Letter from William H. McCardle to his son, November 29, 1891
In an 1891 letter to his son, William H. McCardle reflected on the landmark case. “The case was argued on my account by three of the ablest lawyers that ever appeared before the Supreme Court,” he recalled. He explained that congressional Republicans “smuggled through” a bill to deprive the Supreme Court of its power to deliver its opinion.
Mississippi Department of Archives and History
Congress Limits the Supreme Court’s Jurisdiction
A tool of the judiciary to check the powers of the executive, a writ of habeas corpus is a court order challenging the legality of a prisoner’s detention. The Judiciary Act of 1789 empowered the Supreme Court to hear habeas corpus petitions of federal prisoners and Congress expanded that jurisdiction in 1867. In 1868, when a military prisoner challenged his arrest for criticizing Reconstruction policies, Congress limited the Supreme Court’s authority, fearing the ruling’s impact on Reconstruction. The court recognized Congress’s power to limit its appellate jurisdiction in Ex parte McCardle.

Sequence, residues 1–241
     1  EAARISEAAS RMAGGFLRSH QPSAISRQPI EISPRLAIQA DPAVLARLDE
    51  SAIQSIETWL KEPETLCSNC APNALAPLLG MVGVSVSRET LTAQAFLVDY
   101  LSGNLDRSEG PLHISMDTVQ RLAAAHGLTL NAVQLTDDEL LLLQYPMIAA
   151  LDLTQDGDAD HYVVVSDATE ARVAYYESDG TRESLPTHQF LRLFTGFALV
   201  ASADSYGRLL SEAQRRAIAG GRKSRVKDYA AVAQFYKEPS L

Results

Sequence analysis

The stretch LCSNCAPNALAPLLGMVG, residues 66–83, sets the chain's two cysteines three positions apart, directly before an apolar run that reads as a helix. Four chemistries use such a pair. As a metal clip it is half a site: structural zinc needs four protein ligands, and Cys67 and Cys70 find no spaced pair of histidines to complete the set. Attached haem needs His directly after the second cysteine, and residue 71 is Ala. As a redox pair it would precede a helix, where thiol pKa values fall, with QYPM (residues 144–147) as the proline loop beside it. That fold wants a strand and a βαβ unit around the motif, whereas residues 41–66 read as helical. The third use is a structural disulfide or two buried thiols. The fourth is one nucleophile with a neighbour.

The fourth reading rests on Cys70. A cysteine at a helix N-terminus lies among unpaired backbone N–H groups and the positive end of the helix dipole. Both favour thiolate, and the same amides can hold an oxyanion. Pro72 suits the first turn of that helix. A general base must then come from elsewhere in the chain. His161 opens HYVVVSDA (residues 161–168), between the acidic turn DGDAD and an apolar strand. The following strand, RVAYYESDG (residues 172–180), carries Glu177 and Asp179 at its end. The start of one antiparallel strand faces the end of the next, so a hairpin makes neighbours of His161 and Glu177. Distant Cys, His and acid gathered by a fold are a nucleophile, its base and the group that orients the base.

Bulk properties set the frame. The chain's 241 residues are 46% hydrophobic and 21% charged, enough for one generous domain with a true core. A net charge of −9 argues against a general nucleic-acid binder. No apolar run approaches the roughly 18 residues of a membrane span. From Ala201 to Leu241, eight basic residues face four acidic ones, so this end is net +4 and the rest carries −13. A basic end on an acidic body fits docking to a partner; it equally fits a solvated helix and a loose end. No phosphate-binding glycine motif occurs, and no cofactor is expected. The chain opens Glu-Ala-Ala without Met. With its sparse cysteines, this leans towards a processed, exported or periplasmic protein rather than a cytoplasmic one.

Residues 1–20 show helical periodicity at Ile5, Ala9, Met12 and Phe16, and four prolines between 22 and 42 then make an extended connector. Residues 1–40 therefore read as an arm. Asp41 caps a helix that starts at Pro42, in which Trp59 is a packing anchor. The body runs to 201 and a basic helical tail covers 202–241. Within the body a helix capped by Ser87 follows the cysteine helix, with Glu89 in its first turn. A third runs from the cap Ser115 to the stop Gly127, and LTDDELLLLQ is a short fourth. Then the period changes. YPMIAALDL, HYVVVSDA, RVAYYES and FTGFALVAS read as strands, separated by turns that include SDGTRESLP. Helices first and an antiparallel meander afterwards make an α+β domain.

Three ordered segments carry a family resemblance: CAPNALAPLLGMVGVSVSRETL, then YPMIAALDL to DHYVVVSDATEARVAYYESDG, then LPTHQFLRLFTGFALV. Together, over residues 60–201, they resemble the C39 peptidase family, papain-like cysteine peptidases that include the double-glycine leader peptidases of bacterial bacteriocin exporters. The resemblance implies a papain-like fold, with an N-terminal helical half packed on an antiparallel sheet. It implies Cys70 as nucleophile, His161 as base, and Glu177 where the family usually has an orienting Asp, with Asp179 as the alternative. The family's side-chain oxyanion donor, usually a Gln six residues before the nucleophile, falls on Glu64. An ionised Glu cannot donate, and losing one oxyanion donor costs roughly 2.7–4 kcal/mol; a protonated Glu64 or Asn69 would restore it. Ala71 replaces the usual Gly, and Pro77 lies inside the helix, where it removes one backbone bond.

The supreme Court shall have appellate Jurisdiction . . . with such Exceptions, and under such Regulations as the Congress shall make.
U.S. Constitution, Article III, Section 2